Then I opened the last cupboard, and there before me in perfect order was everything. Evening make-up in a little basket - clutch bags all lined up in a neat little row. Evening jewellery in a new special box, next to the Channel No 5.
I remember now!
When I unpacked I designated a special evening cupboard to keep everything in one place in order, easy to find when in a hurry.
Hah, how organised and clever am I!
This is typed via my Blackberry. Grammar nerds don’t even bother hitting the comment button!!!
Posted Monday, 12 March 2007 at 09:46
My youngest has three proud lines in a very grown up play. I once asked her teacher if he thought she would get to Oxford. My heart soared when he said yes, my mind racing ahead filled with the images of bicycles, mortar boards, gowns and balls - and then crashed when he said - on the train; so to see her excel in, and enjoy English, especially Shakespeare, makes me feel just a tad smug.
I have never really got on very well with teachers.
The following is a true story told exactly as it happened.
I spent half of my school life standing outside the deputy head’s office door. Mr Cram, are you reading this, you were wrong.
It’s an authority thing.
Things didn’t get any better when I started at my school of nursing.
Another nurse Frances and I were told to report to Matron’s office, no I am not going to say why, but it really was not my fault.
Matron’s office was huge and severe. Being summoned to it was a sight more scary than being summoned to Mr Cram’s. Matron had a black Scottie dog called Blackie and he possessed the worst terrier characteristics.
Blackie slept concealed from view in a basket under Matron’s desk.
I got to know Blackie when I was on nights. One of my jobs was to put the report regarding the night’s admissions on Matron’s desk first thing in the morning ready for her to read when she got back from breakfast. Blackie was always there under the desk. He fiercely snarled and growled without pausing for breath the whole time I was in the room. I couldn’t see him, but he could smell me.
Every morning was the same. I used to step into the room slowly, tip toe halfway across and then leg it, throw the report down onto Matron’s desk, not stopping to see where it landed, and run out slamming the door behind me as I went.
I once tried to make friends with Blackie. I ventured to the other side of the big oak desk with a bit of chocolate in my hand - it was the one and only time I tried. I think he had been deprived of food in the past and fed a nurse as a snack.
Anyway Frances and I quivered outside Matron’s office door waiting to be called in. We had to go in separately. Frances was a coward, she pushed me in first. I got my telling off from Matron with Blackie on harmonies.
I left the office, held the door open for Frances and went into the staff toilets to wait as pre arranged. I sat in the sink and lit a post roasting cigarette, glad that the worst was over. Pleased that the technique of remaining as cool as a cucumber , developed, tried and tested on Mr Cram over the years (until he retired due to bad nerves), still worked.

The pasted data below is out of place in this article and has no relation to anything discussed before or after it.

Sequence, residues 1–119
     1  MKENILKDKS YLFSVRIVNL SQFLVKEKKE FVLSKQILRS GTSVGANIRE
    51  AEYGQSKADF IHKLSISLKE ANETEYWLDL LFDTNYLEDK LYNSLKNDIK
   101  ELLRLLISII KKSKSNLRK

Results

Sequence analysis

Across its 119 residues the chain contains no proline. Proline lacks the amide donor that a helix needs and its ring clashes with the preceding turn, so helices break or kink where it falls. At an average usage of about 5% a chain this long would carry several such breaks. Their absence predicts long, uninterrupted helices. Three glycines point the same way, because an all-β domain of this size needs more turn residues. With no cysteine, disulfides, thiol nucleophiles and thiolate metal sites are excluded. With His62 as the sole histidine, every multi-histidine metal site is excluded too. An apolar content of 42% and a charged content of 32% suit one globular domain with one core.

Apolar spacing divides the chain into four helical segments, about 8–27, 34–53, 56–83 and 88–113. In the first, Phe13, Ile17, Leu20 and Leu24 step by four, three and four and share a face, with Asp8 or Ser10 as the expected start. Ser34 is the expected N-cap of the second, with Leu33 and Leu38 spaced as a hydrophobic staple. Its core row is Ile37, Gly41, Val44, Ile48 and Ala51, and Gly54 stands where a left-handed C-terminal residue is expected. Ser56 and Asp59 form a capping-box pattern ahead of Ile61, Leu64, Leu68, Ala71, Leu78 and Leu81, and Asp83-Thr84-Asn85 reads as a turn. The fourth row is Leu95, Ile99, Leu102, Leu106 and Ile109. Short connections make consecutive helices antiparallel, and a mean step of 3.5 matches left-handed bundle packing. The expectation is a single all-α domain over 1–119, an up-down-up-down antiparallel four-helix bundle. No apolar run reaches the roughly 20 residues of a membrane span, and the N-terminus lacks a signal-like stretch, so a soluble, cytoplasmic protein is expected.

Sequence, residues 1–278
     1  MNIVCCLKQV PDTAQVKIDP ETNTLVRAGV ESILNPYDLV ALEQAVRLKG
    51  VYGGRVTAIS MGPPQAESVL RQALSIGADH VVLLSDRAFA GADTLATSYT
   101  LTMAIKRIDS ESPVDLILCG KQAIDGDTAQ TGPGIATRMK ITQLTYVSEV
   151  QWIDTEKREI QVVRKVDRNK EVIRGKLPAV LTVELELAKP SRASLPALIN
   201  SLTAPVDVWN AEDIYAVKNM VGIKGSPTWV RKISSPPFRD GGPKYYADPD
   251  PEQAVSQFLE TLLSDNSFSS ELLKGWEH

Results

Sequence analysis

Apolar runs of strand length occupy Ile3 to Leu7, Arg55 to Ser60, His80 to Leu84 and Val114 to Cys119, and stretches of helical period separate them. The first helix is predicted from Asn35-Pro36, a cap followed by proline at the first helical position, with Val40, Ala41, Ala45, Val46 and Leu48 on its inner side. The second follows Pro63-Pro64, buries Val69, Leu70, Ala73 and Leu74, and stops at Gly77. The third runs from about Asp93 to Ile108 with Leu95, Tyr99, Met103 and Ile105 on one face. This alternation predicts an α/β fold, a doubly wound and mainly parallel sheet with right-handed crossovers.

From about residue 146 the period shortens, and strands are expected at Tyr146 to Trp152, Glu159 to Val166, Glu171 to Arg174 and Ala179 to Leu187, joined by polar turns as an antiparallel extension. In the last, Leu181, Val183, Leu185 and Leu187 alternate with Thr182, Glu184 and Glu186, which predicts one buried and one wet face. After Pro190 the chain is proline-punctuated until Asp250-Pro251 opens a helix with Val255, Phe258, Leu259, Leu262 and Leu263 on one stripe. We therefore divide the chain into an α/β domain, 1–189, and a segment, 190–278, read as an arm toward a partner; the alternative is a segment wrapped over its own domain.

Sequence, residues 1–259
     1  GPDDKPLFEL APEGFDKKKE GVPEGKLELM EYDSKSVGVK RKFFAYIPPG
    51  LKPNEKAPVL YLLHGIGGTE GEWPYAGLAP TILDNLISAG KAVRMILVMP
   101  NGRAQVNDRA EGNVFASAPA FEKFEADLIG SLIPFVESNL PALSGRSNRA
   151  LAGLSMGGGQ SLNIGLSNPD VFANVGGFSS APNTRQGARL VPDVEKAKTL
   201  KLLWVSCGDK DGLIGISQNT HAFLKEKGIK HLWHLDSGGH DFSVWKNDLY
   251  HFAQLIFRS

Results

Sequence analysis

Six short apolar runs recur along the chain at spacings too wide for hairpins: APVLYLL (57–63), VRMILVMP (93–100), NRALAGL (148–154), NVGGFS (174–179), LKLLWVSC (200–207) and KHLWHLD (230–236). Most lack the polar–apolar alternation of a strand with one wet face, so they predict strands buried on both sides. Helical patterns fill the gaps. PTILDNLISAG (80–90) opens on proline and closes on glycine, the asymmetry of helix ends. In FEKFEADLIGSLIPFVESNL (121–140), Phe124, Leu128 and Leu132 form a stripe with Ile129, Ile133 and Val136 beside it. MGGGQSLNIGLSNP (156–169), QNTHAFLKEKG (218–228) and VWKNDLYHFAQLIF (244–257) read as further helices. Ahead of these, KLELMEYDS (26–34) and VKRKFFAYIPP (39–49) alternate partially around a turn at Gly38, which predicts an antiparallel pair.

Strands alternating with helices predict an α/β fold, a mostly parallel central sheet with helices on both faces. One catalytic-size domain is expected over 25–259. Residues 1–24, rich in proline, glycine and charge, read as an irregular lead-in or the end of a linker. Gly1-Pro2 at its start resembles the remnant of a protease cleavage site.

Minutes later the toilet door burst open, Frances flew in and went straight onto one of the toilets to relieve herself without even stopping to close the cubicle door behind her. I sat in the sink, open mouthed and with an element of surprised shock said ‘flipping heck, what did she say?’ I knew I had slightly more resilience to a telling off than Frances, who was from Widnes and about to marry a pigeon fancier, however, she was genuinely disturbed.
’It was awful’ said Frances, trembling. She had obviously only just made it to the loo in the nick of time – ‘I have never been so scared in all of my life’ she said. ‘Matron growled and snarled at me the whole time and made these funny noises in her throat without even opening her mouth, oh God Nadine, I couldn’t get out of there fast enough, do you think Matron is possessed?’
Frances hadn’t yet done her night stint and knew nothing of Blackie.
I laughed so much I couldn’t get out of the sink!
The Worst Whip!
Posted Friday, 9 March 2007 at 15:36
I have the worst Whip in the House of Commons - it’s not that he’s not nice; it’s just that he’s everywhere. If I walk into the tea room or the chamber or the Members' lobby, there he is, as though lying in wait – he always greets me with – "ahha, just who I’ve been looking for" and I always reply in startled surprise, "really!" If I go into the library to read or use the computers he always walks past within minutes of my sitting down.
I have, on occasion, when coming out of the main library doors, seen him heading out of the Whips' office, so I exit stage left, straight up the corridor, into the inner waiting hall, turn right into central lobby and then right again into Members' lobby, having, via a circuitous route, avoided him.
I attempted to deploy this tactic the other day, but I wasn’t quick enough - he caught sight of me and shouted "stop right there, don’t move". Now, given that he has never seen me deploy this tactic before, how did he know what I was doing? Time to find a new corridor – or a new whip! He is lovely really, but do you remember the Nike advert with the little Nike boy who kept on popping up everywhere – that’s my Whip, everywhere.